“I love the people we see and the people we get to work with,” says Sarah. “Everyone is welcome here and we treat everybody equally.”

When not at work, Sarah enjoys spending time with her family and kids. She also rescues stray cats.

When did you initially know you wanted to become a nurse?

I played softball when I was 10 or 11. There was a girl on the team who was frequently ill. I remember one day she fainted at second base. I ran out there. She had problems with the heat and started getting sick. I remember holding her hair and helping her. I did a lot of taking care of people.

How has nursing changed during your career?

Nursing has not changed. There may be new ways to way to do something, but nursing, and taking care of people, has pretty much always been the same.

What inspires you?

My kids. I have a 5-year-old who’s so witty and smart and he tells you how it is. I also have a 2-year-old. He is the sweetest and always has a smile on his face. He’s so animated and he makes everybody laugh or smile. They both have big hearts, like their Momma.

Meet Sullivan Brimmer, RN, BSN

Summer Brimmer NGHNashville General Hospital ICU Nurse

From her early childhood, Sullivan Brimmer, RN, BSN, had an interest in medicine and wanted to go to either veterinarian school or medical school.

“In middle school, I had a friend who got sick,” says Sullivan. “I visited him in the hospital and saw how the nurses cared for him. They really got to know him. That’s when I decided I wanted to be a nurse.”

Sullivan, from Arizona, is a recent nursing school graduate. Because of her childhood experiences, she wanted to work at a place that made health care accessible to all. That’s why she chose to work at Nashville General Hospital.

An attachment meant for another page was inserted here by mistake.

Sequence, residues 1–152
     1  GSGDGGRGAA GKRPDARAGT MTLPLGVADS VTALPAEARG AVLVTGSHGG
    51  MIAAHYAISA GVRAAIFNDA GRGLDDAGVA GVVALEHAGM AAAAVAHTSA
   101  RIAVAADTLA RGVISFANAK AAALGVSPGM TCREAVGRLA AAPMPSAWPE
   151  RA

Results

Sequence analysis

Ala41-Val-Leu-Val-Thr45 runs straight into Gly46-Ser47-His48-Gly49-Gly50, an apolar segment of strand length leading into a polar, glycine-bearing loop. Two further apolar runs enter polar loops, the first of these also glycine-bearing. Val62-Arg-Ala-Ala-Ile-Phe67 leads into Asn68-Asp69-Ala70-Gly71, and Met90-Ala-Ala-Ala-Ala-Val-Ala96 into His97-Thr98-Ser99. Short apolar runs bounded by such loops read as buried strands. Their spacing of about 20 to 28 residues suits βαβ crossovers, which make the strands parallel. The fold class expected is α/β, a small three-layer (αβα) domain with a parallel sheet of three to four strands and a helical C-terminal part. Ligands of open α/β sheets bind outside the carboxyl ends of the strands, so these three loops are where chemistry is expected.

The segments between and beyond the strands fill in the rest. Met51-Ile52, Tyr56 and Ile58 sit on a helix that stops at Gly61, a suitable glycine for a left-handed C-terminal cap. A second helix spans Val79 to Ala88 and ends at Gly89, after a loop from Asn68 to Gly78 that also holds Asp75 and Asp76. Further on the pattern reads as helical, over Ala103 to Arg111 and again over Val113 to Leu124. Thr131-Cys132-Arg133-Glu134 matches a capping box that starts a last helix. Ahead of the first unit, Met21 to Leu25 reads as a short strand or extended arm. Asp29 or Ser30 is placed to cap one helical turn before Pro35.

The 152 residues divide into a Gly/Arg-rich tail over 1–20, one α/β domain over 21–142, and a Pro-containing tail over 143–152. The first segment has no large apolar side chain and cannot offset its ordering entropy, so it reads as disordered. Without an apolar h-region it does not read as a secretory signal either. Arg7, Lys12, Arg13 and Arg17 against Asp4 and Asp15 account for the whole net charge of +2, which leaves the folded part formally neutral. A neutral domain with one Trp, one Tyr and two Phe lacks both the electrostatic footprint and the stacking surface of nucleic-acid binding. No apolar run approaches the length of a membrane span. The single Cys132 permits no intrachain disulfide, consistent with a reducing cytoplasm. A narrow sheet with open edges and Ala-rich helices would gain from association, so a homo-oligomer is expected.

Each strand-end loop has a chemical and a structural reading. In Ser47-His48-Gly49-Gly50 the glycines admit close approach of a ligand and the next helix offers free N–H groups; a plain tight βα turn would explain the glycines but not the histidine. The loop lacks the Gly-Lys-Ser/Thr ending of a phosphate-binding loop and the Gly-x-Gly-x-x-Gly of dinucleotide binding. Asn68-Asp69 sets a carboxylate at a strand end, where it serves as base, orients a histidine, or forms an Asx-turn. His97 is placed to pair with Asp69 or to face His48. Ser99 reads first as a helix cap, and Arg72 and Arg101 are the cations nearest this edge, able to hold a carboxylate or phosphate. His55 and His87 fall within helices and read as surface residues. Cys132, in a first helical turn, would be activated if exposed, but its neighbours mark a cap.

When not at work, Sullivan enjoys being outside, hiking and appreciating Nashville’s green trees, something she did not see a lot of in Arizona.

What do you like about working at Nashville General Hospital?
I love that we’re small and different types of people work here. Because of Nashville General’s size, I get to know people from different departments and form friendships with them.

How has nursing changed during your career?

I started during COVID when there was a huge need for ICU nurses. Over time, we’ve seen different COVID strains, which impact patients differently and has changed how we care for them. We’re also working with a lot more travelers. I get to hear all of their experiences.

What inspires you?

The people I work with are phenomenal; they keep me going every day. I’m also inspired by our patients. I like caring for them and being able to impact their lives in small ways. I want to do more than just hand them their meds. When I go into a room I listen to them and want to talk with them about whatever they want to talk about.